Saturday, August 28, 2010

Metalocalypse - An introduction to brutality, Hanna-Barbera Style.

Originally published by

I’ve never been the worlds hugest death metal fan, in fact I’ve always thought it was all a bit silly, all that face paint and posturing seems a bit pantomime to me;

CROWD – “He’s behind you,”
LAD IN LEATHER AND SPIKES – “Oh no he isn’t,”
CROWD – “Oh yes he is,”
LAD IN LEATHER AND SPIKES – “So he is, and he’s soaked in the blood of a virgin, which is why his matches are damp and he can’t get a decent flame going on the corner of that Carpathian Church.”

So when a friend was idly skipping through their two million cable channels and stumbled across an episode of Metalocalypse I was filled with literally micrograms of excitement.

I’ve never had anything against death metal - in fact some of my best friends have been in black metal bands – but have always reviewed the black metal albums I’ve been sent as being part of a great joke nobody has let me in on. Well thanks to Metalocalypse now I get the joke. Apart from the truly deranged disciples of death metal (who actually take it seriously) I’m now of the firm belief that all fans adore the grunting vocals and obscenely fast guitar solos in a slightly ironic way. Metalocalypse has captured this perfectly.

Metalocalypse is an animated show vaguely in the visual style of Hanna-Barbera; imagine Captain Caveman but with a death metal soundtrack and surprisingly graphic and with bloody cartoon violence. The show centres around a band called ‘Dethklok’ who just happen to be the biggest band in the world, by an unfathomably wide margin. Dethklok aren’t just big enough to fill arenas, they’re so huge they play entire Islands, own a fleet of space helicopters and record albums in giant submarines a mile under the surface of the ocean! The band have an army of black hooded roadies as big as, well, as big as an army. In fact Dethklok are so super massive they rank as the seventh largest economy on earth.

Wherever Dethklok play legions of their fans die, whole swathes of their roadie army are wiped out (it’s okay, they have many spares) and an alarming amount of apocalyptic devastation ensues. Of course you might assume that as this is a cartoon we’re talking about there are no consequences to deal with. Were you to make such an assumption you’d be totally wrong. In one episode bassist ‘William Murderface’ nearly kills a fan by head butting him for interrupting his penis bass solo, and that victim of dark death metal brutality turns out to be a prince, and returns with his royal family to demand Murderface signs his plaster-cast. Now how’s that for cause and effect, totally lifelike I’d say.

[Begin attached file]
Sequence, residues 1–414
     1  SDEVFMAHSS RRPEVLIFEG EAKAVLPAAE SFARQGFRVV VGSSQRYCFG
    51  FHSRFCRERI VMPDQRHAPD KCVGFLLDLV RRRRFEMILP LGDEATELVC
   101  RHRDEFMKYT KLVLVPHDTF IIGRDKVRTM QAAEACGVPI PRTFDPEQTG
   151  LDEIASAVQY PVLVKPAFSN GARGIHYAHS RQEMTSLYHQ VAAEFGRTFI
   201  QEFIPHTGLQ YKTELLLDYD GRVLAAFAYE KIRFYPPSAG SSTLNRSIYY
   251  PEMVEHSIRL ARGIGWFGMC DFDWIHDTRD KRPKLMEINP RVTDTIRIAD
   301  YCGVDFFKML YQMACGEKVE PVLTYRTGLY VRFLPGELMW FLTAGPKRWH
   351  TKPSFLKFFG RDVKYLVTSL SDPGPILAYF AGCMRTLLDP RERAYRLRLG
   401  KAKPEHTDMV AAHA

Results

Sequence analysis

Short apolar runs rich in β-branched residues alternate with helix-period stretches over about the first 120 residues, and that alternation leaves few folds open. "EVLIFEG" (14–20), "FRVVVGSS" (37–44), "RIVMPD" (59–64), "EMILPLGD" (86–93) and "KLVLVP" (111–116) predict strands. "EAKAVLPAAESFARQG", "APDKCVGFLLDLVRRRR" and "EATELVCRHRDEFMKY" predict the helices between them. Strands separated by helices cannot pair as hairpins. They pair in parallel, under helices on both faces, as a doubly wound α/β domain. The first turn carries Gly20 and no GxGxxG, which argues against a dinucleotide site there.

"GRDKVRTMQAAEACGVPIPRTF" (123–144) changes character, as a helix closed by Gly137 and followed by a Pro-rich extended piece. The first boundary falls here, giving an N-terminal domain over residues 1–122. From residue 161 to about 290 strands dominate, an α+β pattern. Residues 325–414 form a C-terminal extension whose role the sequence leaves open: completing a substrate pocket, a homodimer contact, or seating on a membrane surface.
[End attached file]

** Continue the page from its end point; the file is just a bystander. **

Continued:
None of the members of Dethklok (William Murderface, Skwisgaar Skwigelf, Nathan Explosion, Pickles, and Toki Wartooth) are particularly likable - although the childlike Scandinavian guitarists certainly have their endearing moments – but just like when passing a motorway accident one cannot look away.

One of the aspects of Metalocalypse that surprised me the most was the music – rather than being a tired necessity to augment proceedings it’s actually pretty damned good. Most of the lyrics are unintelligible to me, but the few that shine through stick in my head with all the staying power of a kebab stain. After watching one episode (much to the delight of those who dwell around me) I spent the next few days mimicking Floridian Nathan Explosion’s gruff vocals from a coffee advert Dethklok perform;

"Do you folks like coffee?
Real coffee, from the hills of Columbia?

The Duncan Hills will wake you
From a thousand depths
A cup of blackened blood
Die, die
You're dying for a cup."

So does Metalocalypse offer insightful comment on this crazy modern world we live in? Does it offer up cruel (but right on) satire in the vein of South Park? Nah, to paraphrase Homer Simpson ‘it’s just about a bunch of stuff that happens.’

I’m still unsure as to whether Metalocalypse has mass appeal in the same way as the Simpsons, but it certainly steps beyond the necessity to needlessly shock in a Family Guy style, but much like ‘This is Spinal Tap’ it does depend on a certain level of existing knowledge on the theme.

I couldn’t possibly condone the use of Bit Torrents or anything illegal like that, but if you were a naughty sort who uses such badness I would recommend finding the episode ‘Murderface’s Birthday,’ it’s a great starting point for your black adventure.

1 comment:

  1. That episode about Murderface goes by the titles of either Dethday or Birthdayface.

    Yep, I am a fan, since the first episode in August 2006. The show and the band have quite the following. Yep again, there is a flesh-and-blood band headed by Brendon Small, drums by Gene Hoglan, and touring musicians of Mike Keneally (rhythm guitar) and Bryan Beller (bass). They've toured 3 times- small college tour 2007, multi-city tour 2008 and bigger tour 2009. Sold out most dates.